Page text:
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For Special Educators and parents, the arrival of Spring often means the beginning of the Individual Educational Plan (IEP) season. Teachers are reviewing data on their students’ progress toward their goals and objectives. They are also evaluating and formulating new accommodations and modifications to help students succeed in their general education classes. abcteach has recently added a list of accommodations and modifications to the member site that will assist IEP teams in this endeavor.

When selecting accommodations and modifications for the upcoming year, it is important to ensure that students understand why and how the selected strategies help everyone involved focus on their abilities and improve their potential for classroom success. I found it helpful to discuss and teach specific details of each. Developing and using strategies that work will allow students to keep pace with their general education peers, and help them in years to come.

Secondary students need to fully understand their disability, including strengths and weaknesses, and the unique way in which it affects them. This is an important part of the IEP team’s role. Students also need to develop self-advocacy skills. Learning when and how to explain their needs and abilities to others is a necessary part of being an independent adult. After leaving the public school system, the student is no longer covered by the Individuals with Disabilities Education Act (IDEA). Students and their families need to learn everything they can about the Americans with Disabilities Act because this is the law that protects them as adults.

Students who choose to pursue higher education will need self-advocacy skills in order to obtain the help they may require in their classes. When accessing college Disability Support Services (DSS), in addition to providing appropriate documentation, the student will need to know the specific accommodations necessary for each individual class. It’s the student’s responsibility to contact class instructors and inform them of their disability and the accommodations they will require. The role of the DSS office is to assist and support, but the bulk of the work needs to be done by the student. This process is opposite  that of the  public school IEP team, where the school case coordinator handled the dissemination of information to the necessary personnel.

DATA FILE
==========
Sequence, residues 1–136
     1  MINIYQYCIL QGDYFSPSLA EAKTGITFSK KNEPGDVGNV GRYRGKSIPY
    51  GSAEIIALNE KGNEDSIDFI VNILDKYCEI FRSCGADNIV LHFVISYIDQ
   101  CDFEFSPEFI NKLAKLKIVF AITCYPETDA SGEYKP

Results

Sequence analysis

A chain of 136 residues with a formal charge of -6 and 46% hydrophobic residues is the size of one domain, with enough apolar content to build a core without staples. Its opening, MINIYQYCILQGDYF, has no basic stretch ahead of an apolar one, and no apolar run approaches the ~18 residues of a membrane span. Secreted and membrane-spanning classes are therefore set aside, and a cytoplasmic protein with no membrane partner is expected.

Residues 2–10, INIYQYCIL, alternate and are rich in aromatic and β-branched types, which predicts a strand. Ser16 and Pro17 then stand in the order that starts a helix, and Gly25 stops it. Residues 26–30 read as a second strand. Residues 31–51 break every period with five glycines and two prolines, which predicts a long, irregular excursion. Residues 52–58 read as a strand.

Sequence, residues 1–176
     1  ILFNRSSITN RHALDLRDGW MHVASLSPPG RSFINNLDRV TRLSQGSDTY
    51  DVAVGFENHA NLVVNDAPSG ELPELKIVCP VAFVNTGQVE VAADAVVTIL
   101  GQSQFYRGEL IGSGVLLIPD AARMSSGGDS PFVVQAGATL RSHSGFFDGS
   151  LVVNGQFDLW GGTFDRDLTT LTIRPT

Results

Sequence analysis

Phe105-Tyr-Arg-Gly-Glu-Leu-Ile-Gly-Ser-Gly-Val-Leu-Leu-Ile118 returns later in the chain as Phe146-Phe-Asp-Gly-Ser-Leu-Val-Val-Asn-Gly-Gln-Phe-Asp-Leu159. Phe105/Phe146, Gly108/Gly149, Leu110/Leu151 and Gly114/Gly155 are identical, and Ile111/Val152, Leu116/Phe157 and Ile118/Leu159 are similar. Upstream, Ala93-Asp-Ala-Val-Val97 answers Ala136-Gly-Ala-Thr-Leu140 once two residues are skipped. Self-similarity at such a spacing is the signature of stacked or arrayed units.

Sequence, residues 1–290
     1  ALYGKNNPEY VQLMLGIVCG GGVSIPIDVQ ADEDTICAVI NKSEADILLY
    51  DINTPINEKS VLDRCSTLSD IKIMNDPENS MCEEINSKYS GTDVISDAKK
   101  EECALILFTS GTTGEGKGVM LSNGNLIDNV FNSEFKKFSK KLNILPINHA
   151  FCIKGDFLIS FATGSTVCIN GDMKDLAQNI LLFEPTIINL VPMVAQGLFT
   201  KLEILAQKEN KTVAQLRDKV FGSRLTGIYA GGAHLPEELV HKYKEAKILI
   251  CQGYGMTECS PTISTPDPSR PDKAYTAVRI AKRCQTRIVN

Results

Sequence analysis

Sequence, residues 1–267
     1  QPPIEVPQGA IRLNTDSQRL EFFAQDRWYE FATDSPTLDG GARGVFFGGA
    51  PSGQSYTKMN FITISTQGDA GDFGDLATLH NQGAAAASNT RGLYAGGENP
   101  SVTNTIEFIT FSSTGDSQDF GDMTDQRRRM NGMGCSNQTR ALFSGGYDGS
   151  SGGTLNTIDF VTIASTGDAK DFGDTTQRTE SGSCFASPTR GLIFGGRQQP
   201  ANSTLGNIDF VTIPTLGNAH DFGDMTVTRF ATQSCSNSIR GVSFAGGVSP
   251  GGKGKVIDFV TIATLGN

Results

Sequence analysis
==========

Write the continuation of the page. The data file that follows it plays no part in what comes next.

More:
Students who choose to go into the work world will also need self-advocacy skills. Informing employers about a disability and asking for work place accommodations can make the experience a successful one for all involved. Educating an employer about IDEA, learning to focus on their abilities, and proving that with a few usually simple accommodations, the individual can perform on an equal basis with co-workers, will help lead to a successful work experience.

I hope the new accommodations and modifications list will help you along this complex journey, and make this IEP season a productive and successful one!

Posted by Janie Quinn, abcteach team

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